WBUR’s Radio Boston examines whether it’s possible to work on Wall Street (or its Boston equivalent) and support Occupy Boston. Here’s an interesting take on the Occupy movement: The National Review says Occupy Wall Street needs a Republican president to achieve its goals. The Wall Street Journal says the movement is a direct challenge to Saint Milton Friedman, who steadfastly insisted that corporations had no responsibilities to benefit society at large.
California unveils a wide-ranging pension reform package that includes a 401(k)-style savings plan for new hires.
NECN sizes up the US Senate race, post-Khazei.
Keller@Large says polls show the constant barrage from Democrats have had an effect on Sen. Scott Brown’s popularity and it might be time for the incumbent to start going negative.
Globe columnist Scot Lehigh paints a picture of flat-taxers like Rick Perry and Herman Cain that gives their ideas about as much credibility as those of flat-earthers. Perry wants to skip a number of upcoming debates, and instead plans to use those nights to press the flesh in Iowa. The Atlantic says the plan reinforces the notion that the Texas governor isn’t ready for prime time.
The MetroWest Daily News pens an editorial arguing Perry’s “Cut, Balance, and Grow” plan is full of “goodies for wealthy taxpayers.”
Slate compares the Massachusetts GOP’s attempts to dirty up Elizabeth Warren to Democrats’ 2010 strategy of trying to make every candidate with Tea Party sympathies look crazy.
A fishery official tells the Gloucester Times that preliminary data indicates Gulf of Maine cod appears to have undergone a dramatic and inexplicable decline in the last few years.
Commercial fishermen got some relief when federal officials raised the quota for skate by 17 million pounds, a 56 percent hike.
Stronger economic growth in the third quarter is further easing concerns that we could be in for a double-dip recession, the Globe reports.
The latest effort to goose Boston’s innovation economy: networking on the Red Line.
Several big banks decided not to join Bank of America in imposing new debit card fees, the Wall Street Journal reports.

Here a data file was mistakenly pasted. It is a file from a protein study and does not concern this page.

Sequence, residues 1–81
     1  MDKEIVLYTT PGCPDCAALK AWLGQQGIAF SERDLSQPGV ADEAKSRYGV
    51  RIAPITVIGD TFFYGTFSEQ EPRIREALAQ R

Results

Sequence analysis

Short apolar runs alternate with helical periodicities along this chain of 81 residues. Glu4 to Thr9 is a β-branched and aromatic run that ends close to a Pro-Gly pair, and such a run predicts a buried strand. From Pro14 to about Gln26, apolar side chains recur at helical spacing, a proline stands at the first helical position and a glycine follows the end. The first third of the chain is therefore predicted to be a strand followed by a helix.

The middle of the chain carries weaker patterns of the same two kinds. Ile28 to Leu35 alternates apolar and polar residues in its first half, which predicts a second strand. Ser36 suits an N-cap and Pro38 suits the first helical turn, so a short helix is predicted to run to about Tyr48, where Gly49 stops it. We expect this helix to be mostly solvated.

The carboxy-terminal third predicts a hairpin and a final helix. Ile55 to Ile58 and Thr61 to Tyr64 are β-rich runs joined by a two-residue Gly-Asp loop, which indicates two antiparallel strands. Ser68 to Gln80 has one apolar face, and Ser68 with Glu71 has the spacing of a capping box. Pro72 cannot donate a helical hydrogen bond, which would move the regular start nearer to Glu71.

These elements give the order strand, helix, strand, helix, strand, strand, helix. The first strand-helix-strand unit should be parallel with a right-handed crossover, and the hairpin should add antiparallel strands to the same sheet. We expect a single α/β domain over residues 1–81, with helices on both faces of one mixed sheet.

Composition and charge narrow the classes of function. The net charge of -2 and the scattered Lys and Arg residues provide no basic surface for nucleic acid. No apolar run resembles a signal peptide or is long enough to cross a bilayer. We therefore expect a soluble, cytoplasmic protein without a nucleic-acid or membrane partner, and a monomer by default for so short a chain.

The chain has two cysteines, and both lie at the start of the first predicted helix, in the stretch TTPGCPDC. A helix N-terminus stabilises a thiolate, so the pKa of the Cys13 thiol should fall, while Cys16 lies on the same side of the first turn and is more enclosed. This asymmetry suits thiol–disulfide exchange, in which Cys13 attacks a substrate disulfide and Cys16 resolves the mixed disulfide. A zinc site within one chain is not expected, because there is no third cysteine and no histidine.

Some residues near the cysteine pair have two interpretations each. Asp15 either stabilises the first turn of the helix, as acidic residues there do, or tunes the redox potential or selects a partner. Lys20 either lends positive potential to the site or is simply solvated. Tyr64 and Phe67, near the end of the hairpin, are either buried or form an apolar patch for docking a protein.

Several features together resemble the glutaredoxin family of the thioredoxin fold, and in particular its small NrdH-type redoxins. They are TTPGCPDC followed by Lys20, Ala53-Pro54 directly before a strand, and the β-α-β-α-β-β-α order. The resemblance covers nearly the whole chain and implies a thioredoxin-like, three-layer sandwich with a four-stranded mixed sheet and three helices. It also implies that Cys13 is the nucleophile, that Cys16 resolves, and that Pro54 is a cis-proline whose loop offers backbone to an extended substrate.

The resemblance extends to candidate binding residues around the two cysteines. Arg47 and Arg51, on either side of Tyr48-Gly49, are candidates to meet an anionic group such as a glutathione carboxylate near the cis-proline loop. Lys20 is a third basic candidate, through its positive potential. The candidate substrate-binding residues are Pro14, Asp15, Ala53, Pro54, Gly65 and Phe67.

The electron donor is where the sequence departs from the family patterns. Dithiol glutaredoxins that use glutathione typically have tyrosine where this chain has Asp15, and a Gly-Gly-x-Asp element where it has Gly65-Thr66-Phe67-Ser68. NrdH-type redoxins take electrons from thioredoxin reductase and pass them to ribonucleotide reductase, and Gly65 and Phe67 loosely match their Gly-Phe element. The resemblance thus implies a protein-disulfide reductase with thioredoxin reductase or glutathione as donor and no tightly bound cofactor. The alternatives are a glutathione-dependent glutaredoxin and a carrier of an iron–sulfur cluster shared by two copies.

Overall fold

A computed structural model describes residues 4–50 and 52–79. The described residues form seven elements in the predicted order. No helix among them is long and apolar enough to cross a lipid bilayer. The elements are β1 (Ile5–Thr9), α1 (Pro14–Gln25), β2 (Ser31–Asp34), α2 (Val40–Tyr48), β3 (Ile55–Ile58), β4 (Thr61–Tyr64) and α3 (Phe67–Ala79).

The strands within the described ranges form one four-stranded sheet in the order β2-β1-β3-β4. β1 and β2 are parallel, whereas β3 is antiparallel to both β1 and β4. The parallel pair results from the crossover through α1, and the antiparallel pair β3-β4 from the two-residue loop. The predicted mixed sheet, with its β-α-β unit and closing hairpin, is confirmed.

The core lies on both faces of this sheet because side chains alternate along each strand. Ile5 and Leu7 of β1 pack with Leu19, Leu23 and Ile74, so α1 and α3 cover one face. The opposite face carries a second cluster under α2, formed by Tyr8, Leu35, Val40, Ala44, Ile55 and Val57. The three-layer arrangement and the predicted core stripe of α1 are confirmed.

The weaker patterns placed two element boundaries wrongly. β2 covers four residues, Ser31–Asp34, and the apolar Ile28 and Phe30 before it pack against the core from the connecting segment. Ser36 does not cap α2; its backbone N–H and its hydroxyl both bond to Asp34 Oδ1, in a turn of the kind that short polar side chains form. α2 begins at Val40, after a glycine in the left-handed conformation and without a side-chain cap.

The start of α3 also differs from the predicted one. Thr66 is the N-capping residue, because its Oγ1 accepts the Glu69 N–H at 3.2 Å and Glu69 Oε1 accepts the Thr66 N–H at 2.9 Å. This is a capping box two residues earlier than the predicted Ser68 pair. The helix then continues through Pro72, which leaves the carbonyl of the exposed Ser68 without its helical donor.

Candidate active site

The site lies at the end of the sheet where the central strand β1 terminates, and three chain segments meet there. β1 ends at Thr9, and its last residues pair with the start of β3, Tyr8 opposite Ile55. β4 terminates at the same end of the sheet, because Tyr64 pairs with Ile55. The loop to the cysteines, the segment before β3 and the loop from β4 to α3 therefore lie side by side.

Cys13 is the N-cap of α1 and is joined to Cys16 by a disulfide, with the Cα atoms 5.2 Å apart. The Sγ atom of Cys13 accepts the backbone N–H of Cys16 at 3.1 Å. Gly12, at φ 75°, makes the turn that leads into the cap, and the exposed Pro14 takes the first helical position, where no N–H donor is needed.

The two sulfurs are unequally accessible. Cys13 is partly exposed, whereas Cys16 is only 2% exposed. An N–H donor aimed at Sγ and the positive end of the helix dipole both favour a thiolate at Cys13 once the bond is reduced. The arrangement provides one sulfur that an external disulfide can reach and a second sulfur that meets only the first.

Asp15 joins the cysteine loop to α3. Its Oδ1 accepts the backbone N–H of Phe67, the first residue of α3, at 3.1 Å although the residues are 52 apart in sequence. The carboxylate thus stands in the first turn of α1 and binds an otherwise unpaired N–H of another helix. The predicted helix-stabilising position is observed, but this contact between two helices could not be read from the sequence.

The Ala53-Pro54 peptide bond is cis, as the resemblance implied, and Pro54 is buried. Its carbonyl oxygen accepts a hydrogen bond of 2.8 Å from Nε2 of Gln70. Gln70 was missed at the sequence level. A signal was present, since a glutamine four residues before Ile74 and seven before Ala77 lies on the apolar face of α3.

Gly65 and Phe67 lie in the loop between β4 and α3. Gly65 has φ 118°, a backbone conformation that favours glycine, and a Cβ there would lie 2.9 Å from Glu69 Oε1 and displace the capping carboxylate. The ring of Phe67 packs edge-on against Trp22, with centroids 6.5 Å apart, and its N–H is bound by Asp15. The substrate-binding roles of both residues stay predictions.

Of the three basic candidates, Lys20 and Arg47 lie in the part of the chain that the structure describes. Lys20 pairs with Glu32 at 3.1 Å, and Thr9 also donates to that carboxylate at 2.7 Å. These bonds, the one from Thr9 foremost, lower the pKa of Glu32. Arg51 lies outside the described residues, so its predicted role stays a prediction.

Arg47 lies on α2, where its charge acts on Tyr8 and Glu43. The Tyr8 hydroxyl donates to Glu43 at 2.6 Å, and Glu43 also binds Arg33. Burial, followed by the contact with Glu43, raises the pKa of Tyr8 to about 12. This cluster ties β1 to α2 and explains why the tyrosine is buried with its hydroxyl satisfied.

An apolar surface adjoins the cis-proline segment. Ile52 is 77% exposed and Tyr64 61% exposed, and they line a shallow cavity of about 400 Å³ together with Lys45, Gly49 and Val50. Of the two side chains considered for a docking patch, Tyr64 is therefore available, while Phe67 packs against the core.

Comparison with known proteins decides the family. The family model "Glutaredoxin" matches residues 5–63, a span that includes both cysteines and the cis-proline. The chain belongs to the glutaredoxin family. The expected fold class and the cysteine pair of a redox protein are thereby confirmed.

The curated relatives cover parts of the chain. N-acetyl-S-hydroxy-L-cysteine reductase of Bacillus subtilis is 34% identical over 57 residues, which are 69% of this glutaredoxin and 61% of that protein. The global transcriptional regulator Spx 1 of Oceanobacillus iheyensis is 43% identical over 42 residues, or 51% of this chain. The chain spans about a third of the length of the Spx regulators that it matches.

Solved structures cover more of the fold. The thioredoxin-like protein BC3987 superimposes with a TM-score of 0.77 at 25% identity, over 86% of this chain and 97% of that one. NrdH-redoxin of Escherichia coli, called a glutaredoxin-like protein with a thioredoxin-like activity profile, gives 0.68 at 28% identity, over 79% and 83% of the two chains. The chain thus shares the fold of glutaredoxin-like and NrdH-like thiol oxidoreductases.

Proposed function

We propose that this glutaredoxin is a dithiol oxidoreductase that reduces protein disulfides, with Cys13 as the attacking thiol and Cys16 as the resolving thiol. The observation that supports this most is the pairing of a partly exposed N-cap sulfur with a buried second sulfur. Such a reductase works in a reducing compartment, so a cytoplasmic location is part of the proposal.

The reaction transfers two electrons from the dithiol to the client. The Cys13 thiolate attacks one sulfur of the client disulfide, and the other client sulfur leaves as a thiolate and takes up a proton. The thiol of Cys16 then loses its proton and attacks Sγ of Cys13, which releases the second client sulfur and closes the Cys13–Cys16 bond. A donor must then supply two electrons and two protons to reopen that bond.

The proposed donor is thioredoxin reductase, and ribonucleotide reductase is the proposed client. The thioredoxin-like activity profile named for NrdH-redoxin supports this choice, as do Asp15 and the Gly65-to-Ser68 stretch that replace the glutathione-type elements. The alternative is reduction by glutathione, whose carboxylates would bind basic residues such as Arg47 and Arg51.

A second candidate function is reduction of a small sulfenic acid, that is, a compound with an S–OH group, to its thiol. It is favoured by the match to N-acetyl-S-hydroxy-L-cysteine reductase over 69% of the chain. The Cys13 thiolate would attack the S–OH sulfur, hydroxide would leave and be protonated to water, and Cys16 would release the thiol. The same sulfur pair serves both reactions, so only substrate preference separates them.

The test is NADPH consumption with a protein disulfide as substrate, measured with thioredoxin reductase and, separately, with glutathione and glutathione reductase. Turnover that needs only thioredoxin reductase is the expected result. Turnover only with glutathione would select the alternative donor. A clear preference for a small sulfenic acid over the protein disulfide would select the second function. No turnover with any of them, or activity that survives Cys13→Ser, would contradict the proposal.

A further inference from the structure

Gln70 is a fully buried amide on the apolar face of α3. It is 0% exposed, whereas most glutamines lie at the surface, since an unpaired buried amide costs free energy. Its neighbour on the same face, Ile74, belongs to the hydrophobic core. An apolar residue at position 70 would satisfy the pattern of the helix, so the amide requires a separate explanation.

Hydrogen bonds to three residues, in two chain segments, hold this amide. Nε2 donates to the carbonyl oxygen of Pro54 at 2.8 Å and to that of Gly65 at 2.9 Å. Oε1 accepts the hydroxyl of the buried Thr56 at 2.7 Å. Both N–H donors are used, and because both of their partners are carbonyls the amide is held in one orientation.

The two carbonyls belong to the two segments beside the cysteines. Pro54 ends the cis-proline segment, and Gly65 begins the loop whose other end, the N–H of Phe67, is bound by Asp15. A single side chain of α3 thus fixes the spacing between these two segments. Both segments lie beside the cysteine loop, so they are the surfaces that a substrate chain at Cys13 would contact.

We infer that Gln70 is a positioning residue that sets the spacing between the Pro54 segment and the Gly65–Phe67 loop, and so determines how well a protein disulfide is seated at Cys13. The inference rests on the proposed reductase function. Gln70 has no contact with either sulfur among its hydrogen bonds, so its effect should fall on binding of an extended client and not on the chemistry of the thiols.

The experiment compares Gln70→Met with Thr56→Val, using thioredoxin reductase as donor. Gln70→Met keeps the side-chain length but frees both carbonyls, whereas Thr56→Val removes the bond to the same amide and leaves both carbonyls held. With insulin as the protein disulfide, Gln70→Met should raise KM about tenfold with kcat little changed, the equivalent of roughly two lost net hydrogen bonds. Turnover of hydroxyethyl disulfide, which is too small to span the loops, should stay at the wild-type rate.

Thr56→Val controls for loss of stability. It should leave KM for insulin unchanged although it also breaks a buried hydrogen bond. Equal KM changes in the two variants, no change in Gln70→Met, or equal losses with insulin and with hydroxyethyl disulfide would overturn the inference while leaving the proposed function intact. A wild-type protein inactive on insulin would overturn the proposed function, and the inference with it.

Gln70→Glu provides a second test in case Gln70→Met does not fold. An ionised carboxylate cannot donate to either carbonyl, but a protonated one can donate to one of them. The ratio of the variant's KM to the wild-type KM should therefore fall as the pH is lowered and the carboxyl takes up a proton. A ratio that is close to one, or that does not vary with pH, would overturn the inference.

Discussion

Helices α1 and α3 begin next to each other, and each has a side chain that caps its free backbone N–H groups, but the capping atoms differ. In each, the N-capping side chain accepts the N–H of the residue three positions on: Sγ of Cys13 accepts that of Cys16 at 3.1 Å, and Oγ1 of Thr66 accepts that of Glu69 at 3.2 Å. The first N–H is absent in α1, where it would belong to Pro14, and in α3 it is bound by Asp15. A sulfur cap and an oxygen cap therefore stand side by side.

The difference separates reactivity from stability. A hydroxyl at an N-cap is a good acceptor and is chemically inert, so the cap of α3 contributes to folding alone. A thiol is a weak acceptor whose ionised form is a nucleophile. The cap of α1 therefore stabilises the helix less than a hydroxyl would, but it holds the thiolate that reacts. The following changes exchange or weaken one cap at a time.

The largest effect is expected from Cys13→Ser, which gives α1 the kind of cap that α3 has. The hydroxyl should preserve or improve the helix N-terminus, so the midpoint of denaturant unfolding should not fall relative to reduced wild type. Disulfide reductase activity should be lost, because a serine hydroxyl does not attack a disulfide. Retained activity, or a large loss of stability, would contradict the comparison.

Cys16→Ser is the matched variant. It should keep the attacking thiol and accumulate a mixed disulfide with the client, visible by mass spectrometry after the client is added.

Good news, everybody! The Fannie Mae and Freddie Mac bailout should now only cost $124 billion, not the $154 billion the firms’ federal regulator previously estimated.
A member of the Diman Regional Vocational Technical School Committee wants to take away the Fall River mayor’s appointment authority for the city’s three positions and have them elected by voters as the other three member towns do.
Mayor Tom Menino says he’s had it with chronically late school buses in Boston.
A hike in Medicare premiums next year will be lower than expected, reports the Cape Cod Times. Via the AP.
A new peer-to-peer program called RelayRides that allows neighbors to borrow each other’s cars instead of owning one is squeezing the commercial car-sharing and rental industry.
Fall River City Councilor Leo Pelletier, who owns two Internet cafes, is one of four people indicted by the attorney general on charges of operating illegal slots parlors. CommonWealth had an overview of the problem of video gambling last year.
Several Massachusetts communities have restricted where sex offenders can live, but an Alabama county is going a bit further, requiring them to attend a meeting on Halloween night to keep them away from trick or treating children, Reuters reports.
Robert A. Sullivan of West Bridgewater resigned from the Southeastern Regional School Committee after he was found guilty of and sentenced to jail for sexually assaulting a boy while Sullivan was serving as a Boy Scout troop leader.
MEDIAColby Magazine has a profile of New York Daily News editor and Colby College alumnus Kevin Convey, the Brockton native and former Herald editor in chief. Via Media Nation.
Ken Doctor, writing for the Nieman Journalism Lab, examines the New York Times’s Sunday circulation bump.